IN THE HIGH COURT OF M ALAWI
CIVIL CAUSE NO. 2630 OF 2006
ETHEL KUMBUKANI . PLAINTIFF
OFFICE MACHINES AND SUPPLIES LIMITED DEFENDANT
CORAM: Hon. Justice M.L. Kamwambe
Mr Chiphwanya of Counsel for the Applicant
Mr Tandwe of Counsel for the Respondent
This application was commenced by writ for the recovery of K13,700,000.00 being value of the house which amount the Applicant lost by selling her house so as to defray the Defendants liability to Commercial Bank of Malawi. The Applicant applied under Order 41A rule 1 of the Rules of Supreme Court so that the court determines the matter on a point of law. The Defendant is objecting to have the matter determined under Order 41A rule1 Rules of Supreme Court.
The brief facts of the case are that the Defendant took a loan of K4,500,000.00 from Stanbic Bank Limited (then known as Commercial Bank of Malawi Limited) herein to be referred to as the Bank and it was secured by a charge on the Plaintiffs land being Title No. Chigumula 1/94 in 2002. On 28th September, 2003 the property was valued at K13,700,000.00. The Defendant having failed to repay the loan owing to the Bank caused the Bank to realise its security from the sale of the Plaintiffs land. As a result of this the Plaintiff now seeks summary disposal of the action against the Defendant for restitution of the sum of K13,700,000.00
The issue for determination is whether this matter is one that can properly be determined under Order 14 A which reads as follows:-
The Court may upon the application of a party or of its own motion determine any question of law or construction of any document arising in any cause or matter at any stage of the proceedings where it appears to the court that:-
Such question is suitable for determination without a full trial of the action, and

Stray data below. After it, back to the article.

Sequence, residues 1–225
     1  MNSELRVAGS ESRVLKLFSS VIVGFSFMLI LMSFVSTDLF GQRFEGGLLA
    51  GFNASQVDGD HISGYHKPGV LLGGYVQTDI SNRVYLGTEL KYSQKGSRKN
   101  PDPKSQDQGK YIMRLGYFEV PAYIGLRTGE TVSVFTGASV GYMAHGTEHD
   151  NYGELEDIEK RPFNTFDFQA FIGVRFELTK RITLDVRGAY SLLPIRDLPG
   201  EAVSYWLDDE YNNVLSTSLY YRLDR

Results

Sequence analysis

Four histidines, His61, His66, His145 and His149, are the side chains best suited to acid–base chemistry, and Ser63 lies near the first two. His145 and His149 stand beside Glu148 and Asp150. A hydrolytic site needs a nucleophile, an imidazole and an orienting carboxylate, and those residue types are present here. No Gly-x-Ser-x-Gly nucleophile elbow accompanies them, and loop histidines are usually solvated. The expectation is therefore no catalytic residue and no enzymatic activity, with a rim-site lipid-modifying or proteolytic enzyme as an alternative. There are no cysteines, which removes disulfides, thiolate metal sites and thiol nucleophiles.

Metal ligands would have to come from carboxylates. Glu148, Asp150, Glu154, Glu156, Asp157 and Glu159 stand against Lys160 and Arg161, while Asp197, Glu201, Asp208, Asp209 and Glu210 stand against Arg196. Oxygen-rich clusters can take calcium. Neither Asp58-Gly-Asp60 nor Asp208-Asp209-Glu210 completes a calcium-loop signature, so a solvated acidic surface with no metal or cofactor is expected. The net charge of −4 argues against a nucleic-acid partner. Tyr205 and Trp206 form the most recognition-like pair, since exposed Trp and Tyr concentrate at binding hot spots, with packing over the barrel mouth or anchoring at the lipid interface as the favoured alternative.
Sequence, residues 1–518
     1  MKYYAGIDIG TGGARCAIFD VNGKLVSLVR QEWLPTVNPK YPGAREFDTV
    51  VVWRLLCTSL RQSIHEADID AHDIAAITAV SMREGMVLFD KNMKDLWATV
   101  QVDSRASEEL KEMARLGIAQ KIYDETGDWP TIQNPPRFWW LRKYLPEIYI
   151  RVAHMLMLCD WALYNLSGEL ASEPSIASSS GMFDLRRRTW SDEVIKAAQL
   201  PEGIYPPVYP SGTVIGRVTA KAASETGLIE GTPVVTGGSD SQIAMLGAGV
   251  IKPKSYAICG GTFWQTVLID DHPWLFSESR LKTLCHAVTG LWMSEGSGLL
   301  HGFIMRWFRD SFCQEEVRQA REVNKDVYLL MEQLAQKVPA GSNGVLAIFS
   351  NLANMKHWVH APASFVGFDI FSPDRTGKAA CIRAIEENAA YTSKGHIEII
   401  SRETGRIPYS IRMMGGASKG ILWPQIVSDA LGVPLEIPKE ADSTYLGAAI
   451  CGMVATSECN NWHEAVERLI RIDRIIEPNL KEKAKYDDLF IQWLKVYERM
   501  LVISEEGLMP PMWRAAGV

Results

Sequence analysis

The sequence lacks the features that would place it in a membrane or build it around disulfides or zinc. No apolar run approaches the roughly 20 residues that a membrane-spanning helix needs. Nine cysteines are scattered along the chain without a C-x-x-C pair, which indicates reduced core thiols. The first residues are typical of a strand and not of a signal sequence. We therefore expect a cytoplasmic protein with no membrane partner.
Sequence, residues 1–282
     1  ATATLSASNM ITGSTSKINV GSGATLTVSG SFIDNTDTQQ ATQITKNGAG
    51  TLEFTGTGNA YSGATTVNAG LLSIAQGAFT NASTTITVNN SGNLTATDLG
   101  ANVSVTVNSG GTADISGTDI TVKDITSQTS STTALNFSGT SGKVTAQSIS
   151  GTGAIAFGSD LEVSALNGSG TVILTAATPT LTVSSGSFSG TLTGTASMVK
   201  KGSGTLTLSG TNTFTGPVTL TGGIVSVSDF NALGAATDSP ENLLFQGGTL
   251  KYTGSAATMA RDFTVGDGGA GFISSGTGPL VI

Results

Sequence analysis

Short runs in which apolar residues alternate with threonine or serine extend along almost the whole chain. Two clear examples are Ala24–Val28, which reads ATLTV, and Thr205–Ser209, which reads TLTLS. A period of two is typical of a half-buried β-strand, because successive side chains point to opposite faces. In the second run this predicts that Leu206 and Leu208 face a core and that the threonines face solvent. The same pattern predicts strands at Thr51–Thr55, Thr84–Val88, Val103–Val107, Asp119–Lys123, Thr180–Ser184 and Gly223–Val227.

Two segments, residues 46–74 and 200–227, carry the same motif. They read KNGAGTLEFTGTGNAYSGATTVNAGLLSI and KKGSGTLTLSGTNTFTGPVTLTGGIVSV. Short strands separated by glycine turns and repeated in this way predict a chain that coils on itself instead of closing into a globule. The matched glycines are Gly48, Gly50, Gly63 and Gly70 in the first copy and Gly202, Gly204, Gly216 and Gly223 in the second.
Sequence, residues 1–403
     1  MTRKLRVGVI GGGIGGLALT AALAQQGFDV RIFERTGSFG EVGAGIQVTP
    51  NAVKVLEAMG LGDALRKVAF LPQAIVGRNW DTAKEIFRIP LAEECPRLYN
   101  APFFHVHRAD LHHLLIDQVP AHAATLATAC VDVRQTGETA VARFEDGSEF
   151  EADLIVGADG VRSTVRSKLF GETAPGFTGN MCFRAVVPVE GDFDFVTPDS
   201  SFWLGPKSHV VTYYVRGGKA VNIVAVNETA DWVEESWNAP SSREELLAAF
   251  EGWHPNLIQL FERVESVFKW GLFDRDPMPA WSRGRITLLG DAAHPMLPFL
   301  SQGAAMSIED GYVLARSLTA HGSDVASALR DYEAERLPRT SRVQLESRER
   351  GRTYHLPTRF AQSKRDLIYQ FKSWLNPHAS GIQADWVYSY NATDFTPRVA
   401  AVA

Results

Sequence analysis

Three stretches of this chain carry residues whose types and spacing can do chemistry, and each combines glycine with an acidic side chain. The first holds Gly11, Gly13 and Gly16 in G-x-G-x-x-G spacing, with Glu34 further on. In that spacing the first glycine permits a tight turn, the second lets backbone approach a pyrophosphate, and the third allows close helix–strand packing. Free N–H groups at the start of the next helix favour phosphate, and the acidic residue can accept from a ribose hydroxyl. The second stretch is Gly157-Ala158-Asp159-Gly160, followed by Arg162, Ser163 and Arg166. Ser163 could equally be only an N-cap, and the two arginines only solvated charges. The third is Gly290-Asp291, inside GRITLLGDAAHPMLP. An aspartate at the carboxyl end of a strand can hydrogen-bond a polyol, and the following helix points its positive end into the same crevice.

Such determination will finally determine (subject only to any possible appeal) the entire cause or matter or any claim or issue therein.
It is clear that the Defendant has not consented to disposing of the matter on a point of law alone. I have heard both parties on the issue and I have read their affidavits. I have also taken note of practice note 14A/2/8 Rules of Supreme Court which states that for purposes of Order 41 rule 5 (2), proceedings under Order 14 A are not interlocutory proceedings, since by its nature, the application will decide the rights of the parties and will terminate the action or otherwise finally dispose of it (see paragraph 41/5/3), and therefore affidavits for use in proceedings under Order 14A may depose only to such facts as the deponent is able of his own knowledge to prove (order 41, rule 5 (1)). I have consequently appreciated the arguments as to admissibility of such affidavit evidence, especially of Mr Kamulaga who was then Defendants Managing Director.
The gist of the matter is that proceedings under Order 14 A Rules of Supreme Court presupposes that there are no disputes as to facts, otherwise if there are any then a full trial must be conducted. In considering whether proceedings under Order 14 A are suitable the court ought to look at all the facts surrounding the case. Matters of breach of duty on the part of the Applicant have been raised. It has also been deponed that the Applicant kept part of the loaned money as part security over her property. How much she kept is not known. It is understood that the Plaintiff did not disclose to who she sold the house and at how much and why for that much. The question also arises as to why the Bank itself did not sell the property. The issue of valuation of the property after one year of the charge arises. Further there is the issue of stock deficiency and failure by the Plaintiff to account for stock. In my view these matters are not trivia so as to be ignored. They cannot just be swept under the carpet. Even after determination of the matter on the point of law, some of these issues would surface in one way or another, bringing the matter back to court. This is not the purpose of Order 14 A which is intended to conclusively bringing proceedings to finality.
In view of the above, I deem it necessary that we proceed with caution so that we eventually attain the justice of the case. For this reason I take it that this is such a case that would require a full trial to be heard and I order likewise.
Costs to be in the cause.
Made in Chambers this 8th day October 2008 of October 2008 at Chichiri, Blantyre.
Civil Cause No. 2638 of 06, Ethel Kumbukani vs Office Machines and Supplies Ltd